CHESAPEAKE, Va. — With questions lingering about the job security of Virginia Coach Mike London, the father of top 2014 recruit Andrew Brown reached out to Athletic Director Craig Littlepage on Thursday and received assurances during a telephone conversation that London will be back next season.
The Cavaliers are one of two teams in the country — the other is No. 1 Alabama — with oral commitments from two recruits who are considered to be top 10 prospects despite a seven-game losing streak that has them in last place in the ACC’s Coastal Division entering Saturday’s game at No. 24 Miami.
“We just wanted to ensure Mike London is gonna be there because that could change the situation around,” Andrew Brown Sr. said in an interview. “I feel comfortable now. Mike’s staying. We made a commitment to Mike, and we’re sticking by it through thick and thin.”
Brown Sr. emphasized that Virginia President Teresa Sullivan was not part of his telephone call with Littlepage, contrary to a report from 247 Sports.
Responding to questions via e-mail, Littlepage confirmed he had spoken to Brown Sr. and “reiterated that Mike London will be our coach” next season.
“I told Mr. Brown that in spite of some negativity we are committed to improving the program. . . . I didn’t want uncertainty to factor into Andrew Brown’s desire to be at UVa playing for Coach London,” Littlepage wrote.
Brown, a defensive tackle, and Virginia Beach safety Quin Blanding are both top 10 recruits who have given oral commitments to Virginia over the past year, and the two faced each other in a Virginia High School League playoff game Friday night. Oscar Smith High, led by Brown, beat Blanding and Bayside High, 35-0.
London and assistant coaches Chip West and Vincent Brown were in attendance with the Cavaliers on a bye this week.
Both Blanding and Brown said after the game that several schools continue to pursue them despite their non-binding commitment to play for Virginia. Blanding listed Miami, North Carolina and Ohio State as programs that have called him recently, and Bayside Coach Jon White said an Alabama assistant was at the team’s game two weeks ago.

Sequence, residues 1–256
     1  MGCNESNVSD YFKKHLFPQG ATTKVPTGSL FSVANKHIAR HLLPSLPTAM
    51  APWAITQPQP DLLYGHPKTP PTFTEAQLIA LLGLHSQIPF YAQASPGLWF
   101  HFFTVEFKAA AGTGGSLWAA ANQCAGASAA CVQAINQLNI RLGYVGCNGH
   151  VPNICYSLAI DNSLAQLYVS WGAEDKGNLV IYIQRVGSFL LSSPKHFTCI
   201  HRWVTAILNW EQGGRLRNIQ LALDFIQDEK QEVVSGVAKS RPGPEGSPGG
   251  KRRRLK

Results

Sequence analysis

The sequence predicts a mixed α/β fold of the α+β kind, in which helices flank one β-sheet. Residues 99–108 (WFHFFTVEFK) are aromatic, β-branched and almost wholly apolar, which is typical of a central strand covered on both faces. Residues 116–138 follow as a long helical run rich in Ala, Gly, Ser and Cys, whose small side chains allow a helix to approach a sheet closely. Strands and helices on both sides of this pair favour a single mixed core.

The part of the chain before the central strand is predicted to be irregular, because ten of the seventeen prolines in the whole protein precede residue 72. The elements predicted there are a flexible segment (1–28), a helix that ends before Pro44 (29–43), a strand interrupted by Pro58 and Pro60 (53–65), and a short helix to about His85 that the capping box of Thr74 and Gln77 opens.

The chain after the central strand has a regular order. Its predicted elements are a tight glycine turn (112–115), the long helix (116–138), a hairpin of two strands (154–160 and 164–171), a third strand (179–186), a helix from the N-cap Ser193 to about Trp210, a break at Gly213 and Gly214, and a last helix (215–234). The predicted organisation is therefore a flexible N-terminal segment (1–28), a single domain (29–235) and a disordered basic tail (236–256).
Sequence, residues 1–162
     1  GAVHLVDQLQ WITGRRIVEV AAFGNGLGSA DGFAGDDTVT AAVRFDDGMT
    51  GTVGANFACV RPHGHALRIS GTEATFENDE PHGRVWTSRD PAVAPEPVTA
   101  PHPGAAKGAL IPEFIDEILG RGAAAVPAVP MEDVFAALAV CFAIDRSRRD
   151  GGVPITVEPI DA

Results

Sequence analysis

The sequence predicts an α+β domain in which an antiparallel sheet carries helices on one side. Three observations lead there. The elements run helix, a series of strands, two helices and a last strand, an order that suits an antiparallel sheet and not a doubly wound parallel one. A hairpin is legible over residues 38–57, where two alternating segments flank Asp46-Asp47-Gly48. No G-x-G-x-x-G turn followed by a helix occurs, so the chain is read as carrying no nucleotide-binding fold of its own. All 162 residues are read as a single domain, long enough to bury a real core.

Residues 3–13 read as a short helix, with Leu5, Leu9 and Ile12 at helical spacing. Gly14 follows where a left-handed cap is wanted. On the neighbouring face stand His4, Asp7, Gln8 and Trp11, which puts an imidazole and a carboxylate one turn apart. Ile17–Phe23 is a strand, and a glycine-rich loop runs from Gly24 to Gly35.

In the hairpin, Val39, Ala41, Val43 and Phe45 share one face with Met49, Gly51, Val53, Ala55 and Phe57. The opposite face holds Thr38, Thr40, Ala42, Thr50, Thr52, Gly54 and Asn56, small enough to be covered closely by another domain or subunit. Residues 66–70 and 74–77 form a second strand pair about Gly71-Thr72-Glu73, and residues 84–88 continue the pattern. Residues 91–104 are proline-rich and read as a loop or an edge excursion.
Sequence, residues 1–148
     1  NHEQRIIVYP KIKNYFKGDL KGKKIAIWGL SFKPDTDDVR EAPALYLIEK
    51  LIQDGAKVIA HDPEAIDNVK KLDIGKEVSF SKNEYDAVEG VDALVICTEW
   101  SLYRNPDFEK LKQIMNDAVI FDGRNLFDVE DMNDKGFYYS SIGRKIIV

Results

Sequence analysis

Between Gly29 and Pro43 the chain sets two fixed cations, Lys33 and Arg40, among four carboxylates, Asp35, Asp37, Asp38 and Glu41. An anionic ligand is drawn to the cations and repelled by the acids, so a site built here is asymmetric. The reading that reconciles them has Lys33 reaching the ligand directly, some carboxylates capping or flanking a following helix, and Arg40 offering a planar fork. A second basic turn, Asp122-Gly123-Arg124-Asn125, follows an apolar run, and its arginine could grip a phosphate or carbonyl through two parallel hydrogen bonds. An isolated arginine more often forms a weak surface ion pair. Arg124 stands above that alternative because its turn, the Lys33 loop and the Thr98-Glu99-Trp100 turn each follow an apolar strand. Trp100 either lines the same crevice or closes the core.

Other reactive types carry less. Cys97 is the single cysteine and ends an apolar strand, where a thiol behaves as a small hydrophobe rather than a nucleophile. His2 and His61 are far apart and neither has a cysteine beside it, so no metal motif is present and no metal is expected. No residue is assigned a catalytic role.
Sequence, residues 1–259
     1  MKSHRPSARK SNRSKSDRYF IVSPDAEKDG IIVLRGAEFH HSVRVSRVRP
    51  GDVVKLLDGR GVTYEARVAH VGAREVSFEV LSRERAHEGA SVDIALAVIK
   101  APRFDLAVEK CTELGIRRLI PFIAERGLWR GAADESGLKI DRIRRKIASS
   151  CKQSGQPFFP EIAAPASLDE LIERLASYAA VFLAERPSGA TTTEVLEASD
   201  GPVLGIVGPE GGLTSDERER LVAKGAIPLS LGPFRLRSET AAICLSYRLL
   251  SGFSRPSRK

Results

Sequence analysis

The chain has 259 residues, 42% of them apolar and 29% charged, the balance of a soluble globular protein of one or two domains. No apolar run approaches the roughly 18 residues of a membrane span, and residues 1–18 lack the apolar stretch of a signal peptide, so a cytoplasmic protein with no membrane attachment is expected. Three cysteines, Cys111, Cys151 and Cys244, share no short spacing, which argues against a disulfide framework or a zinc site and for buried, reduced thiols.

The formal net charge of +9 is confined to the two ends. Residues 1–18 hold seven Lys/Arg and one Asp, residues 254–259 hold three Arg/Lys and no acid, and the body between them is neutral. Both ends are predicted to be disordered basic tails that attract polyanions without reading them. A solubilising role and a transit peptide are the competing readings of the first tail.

Brown, who said five or six teams are still recruiting him, noted he has stopped answering his phone because “I don’t want to feed into it.”
“They ask me if I’m still 100 percent committed,” Blanding said. “I tell them, ‘Yeah, I’m 100 percent.’ It’s like I never committed yet, but I’m committed. . . . Most people say, ‘They had an off season.’ That’s fine. That’s why you want to come in and work for something. Yeah, you can go to Alabama. But if you don’t go to Alabama, it’s still gonna be Alabama regardless. I want to bring U-Va. back to what we used to be.”
In separate interviews, Brown and Blanding said they would likely come to Virginia even if London is no longer the coach next season. Littlepage told The Washington Post in an interview last month that London would be back regardless of how the rest of this season played out.
Nonetheless, with each Virginia loss, speculation has persisted. It would cost Virginia approximately $8.06 million to buy out the remaining three years of London’s contract this offseason.
Both Brown and Blanding appear capable of making an immediate impact.
At 290 pounds, Brown is an imposing defensive tackle after dropping 15 pounds and improving his conditioning this year. He plans to enroll at Virginia early for spring practice, precluding the need for him to sign a letter-of-intent. Oscar Smith Coach Rich Morgan said Brown has “gone from the biggest guy on the field to the most dominant” this fall.
Blanding played all over the field at Bayside this season with the speed of a defensive back and the tackling skills of a linebacker and even served as the team’s punter Friday night. He remains ardent about London.
“I committed because of him, but it’s not that we’re keeping Coach London’s job,” Blanding said. “The players want to play for Coach London because he’s a great dude, a down-to-earth guy. We have his back 100 percent, and that’s why we ride with him.”